Market prices are set by investors based on what they believe stocks should be worth. The pricing is only as good as is the judgment of investors. Since most investors are price trend followers, i.e. Momentum Investors, then for most of the time market prices lack fundamental valuation input. I see investors as falling into two categories, i.e. Momentum and Value. It is only Value investors who seem to invest using GDP as a rate of return benchmark. It is the Value Investor perception which creates broad market lows during recessions. It is Momentum Investor perception which gives us the major market tops and bubbles. Investing by computer is a disservice to investors in my opinion. Markets are never monolithic. Markets must be seen as a composite of differing points of view. There are periods during which those leaning to one side of the spectrum of Value to Momentum dominate market pricing.
My approach is fundamental, very fundamental. What I do could be said to be a throw-back approach but this would be wrong. I have taken several hundred years of investment perceptions and merged the best observations with our modern economic data. Adam Smith and Friedrich Hayek identified fundamental aspects to the workings of our economy but they lacked the modern economic measures we have today. Knut Wicksell postulated his concept of “The Natural Rate’ in 1898. The research I do looks at how ‘Human Action’, a term coined by Ludwig von Mises, creates value by adding creativity, intellectual input to non-animate things which results in an improved human standard of living. The iPhone introduced in 2005 was one of these non-animate creations which significantly improved the global human condition. Steve Jobs when he was still at NEXT described what he eventually created in the iPhone during an interview with the Smithsonian Institute Oral History Interview April 20, 1995. No one could have predicted he would finally bring his vision to reality in 2005. No one could have predicted the iPhone’s global impact. But, if one looks closely can see creativity occurring in individual companies that is more or less predictable. One can see how portfolio managers exercise their judgment and their thinking is also more or less predictable. Certainly Knut Wicksell was as much a genius as was Steve Jobs.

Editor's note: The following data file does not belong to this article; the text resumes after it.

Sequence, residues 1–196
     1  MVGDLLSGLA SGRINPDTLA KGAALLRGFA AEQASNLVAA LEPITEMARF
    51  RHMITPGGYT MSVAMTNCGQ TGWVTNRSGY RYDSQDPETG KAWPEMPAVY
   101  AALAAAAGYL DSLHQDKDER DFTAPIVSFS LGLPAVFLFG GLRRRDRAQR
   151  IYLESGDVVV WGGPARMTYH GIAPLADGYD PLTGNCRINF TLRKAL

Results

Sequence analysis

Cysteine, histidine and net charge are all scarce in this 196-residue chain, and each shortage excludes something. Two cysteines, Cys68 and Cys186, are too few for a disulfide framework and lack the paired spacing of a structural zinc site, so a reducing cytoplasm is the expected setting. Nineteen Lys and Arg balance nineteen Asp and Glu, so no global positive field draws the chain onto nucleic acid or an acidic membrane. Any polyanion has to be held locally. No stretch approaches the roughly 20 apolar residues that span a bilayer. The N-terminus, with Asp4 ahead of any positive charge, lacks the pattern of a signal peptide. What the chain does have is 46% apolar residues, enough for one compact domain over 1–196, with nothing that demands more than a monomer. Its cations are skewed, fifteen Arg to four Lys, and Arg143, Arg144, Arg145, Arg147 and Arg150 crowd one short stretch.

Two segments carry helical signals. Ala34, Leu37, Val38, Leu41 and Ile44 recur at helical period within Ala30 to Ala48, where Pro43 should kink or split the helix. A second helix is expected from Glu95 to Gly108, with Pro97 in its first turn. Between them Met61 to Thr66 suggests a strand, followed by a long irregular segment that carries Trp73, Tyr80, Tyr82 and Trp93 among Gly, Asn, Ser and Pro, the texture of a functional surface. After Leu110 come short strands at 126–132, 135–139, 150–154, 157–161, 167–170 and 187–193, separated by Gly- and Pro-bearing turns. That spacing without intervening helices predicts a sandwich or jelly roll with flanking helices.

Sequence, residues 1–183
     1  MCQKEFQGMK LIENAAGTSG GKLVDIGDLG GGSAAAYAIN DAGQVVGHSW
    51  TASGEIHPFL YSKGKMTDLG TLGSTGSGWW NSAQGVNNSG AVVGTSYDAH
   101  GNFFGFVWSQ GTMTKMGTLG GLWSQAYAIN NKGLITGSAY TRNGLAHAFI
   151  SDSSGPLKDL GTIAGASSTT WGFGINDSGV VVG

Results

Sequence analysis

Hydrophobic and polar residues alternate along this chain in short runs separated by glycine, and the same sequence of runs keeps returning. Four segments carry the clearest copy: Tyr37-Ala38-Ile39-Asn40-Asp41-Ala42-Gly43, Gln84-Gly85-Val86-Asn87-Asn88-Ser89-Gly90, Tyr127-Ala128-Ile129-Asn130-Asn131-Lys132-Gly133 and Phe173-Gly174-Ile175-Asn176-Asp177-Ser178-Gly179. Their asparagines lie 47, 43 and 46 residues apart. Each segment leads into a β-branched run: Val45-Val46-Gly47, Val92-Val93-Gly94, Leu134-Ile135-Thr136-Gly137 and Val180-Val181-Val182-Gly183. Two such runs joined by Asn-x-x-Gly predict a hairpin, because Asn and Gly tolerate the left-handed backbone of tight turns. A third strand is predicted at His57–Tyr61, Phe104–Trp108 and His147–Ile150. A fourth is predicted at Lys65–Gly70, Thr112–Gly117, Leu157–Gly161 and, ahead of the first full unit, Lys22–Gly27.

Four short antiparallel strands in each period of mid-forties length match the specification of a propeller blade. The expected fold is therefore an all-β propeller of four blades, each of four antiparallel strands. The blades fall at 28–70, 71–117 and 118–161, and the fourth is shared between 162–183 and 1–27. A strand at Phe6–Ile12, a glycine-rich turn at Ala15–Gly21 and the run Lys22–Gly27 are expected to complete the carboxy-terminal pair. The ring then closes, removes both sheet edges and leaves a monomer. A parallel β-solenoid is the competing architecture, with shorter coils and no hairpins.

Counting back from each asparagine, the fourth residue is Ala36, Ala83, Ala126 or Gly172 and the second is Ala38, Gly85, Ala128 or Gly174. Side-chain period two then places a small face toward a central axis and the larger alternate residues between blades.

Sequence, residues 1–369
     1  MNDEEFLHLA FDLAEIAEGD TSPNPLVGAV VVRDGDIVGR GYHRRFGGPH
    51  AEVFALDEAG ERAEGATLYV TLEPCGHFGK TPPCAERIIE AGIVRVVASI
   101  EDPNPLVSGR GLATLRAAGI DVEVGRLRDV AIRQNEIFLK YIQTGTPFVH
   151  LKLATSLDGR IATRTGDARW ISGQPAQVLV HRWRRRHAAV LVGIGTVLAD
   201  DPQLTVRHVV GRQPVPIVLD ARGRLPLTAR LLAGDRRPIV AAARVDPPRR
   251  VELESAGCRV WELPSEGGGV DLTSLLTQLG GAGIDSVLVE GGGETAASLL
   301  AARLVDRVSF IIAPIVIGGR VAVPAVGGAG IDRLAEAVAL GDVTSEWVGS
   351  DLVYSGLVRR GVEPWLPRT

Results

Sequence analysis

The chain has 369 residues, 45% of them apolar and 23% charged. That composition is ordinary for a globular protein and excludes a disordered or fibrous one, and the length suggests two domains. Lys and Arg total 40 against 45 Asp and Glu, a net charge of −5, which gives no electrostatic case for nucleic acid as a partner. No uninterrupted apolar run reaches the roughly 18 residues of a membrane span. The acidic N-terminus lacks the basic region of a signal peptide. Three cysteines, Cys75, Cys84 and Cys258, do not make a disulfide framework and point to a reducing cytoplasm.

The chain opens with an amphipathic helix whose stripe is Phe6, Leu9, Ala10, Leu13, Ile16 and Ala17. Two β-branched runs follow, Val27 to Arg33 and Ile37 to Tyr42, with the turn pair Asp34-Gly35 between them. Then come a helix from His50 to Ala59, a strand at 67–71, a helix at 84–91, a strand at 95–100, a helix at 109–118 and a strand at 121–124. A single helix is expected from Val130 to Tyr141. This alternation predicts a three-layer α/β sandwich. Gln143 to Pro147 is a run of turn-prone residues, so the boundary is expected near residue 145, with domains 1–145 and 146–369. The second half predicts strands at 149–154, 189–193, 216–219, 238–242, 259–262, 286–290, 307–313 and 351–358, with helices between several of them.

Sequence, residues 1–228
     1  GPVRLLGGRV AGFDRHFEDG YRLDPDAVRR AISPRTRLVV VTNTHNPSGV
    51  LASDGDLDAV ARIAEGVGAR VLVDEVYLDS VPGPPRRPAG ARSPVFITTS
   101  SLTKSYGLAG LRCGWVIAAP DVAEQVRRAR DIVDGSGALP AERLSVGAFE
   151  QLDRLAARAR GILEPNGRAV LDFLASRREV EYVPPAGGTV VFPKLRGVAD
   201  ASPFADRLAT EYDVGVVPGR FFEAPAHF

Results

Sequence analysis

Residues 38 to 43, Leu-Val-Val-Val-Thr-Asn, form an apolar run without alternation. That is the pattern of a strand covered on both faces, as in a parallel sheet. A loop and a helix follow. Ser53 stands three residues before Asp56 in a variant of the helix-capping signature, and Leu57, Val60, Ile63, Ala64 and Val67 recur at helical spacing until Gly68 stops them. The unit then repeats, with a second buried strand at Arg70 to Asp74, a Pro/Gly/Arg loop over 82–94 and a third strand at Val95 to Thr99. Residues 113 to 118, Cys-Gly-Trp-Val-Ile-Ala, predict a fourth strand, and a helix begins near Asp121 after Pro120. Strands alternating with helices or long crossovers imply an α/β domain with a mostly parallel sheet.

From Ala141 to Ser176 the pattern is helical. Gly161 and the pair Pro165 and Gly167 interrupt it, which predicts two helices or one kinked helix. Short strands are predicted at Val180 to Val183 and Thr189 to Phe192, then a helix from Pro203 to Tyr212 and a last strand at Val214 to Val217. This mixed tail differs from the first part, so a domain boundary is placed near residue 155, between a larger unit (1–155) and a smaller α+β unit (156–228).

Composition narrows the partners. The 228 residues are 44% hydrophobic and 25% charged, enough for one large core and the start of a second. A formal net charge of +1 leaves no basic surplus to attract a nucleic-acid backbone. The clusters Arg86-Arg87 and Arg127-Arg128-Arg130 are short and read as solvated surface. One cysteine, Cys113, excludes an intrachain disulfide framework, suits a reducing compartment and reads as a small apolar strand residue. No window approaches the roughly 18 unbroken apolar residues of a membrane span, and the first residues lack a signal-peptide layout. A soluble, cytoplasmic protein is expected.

While each market cycle requires general improvements in retail sales, lending, employment, consumption of raw materials and etc. the general order does not follow a fixed recipe. For instance, today’s economic recovery is the first in which single family construction has lagged. Even the order of which asset classes rise and fall first, second, then third is not preordained. Nonetheless, across the cycle one can pretty much expect each asset class to have its period of being in favor. No computer program can manage through such cycle differences. Period! To gauge what is happening, to gauge if a price is too-high-a-price or too-low-a-price requires human judgment of fundamentals.
While there is no recipe, there is a logic. Markets do eventually respond to fundamentals even if they do not do so in the short term. Knut Wicksell saw it first in his ‘mind’s eye’ concept of ‘The Natural Rate’. This is the rate of growth of GDP against which all other rates of return are benchmarked in the long term.
If there were a mathematical/computer solution , a recipe, to investing we would have done it long, long ago.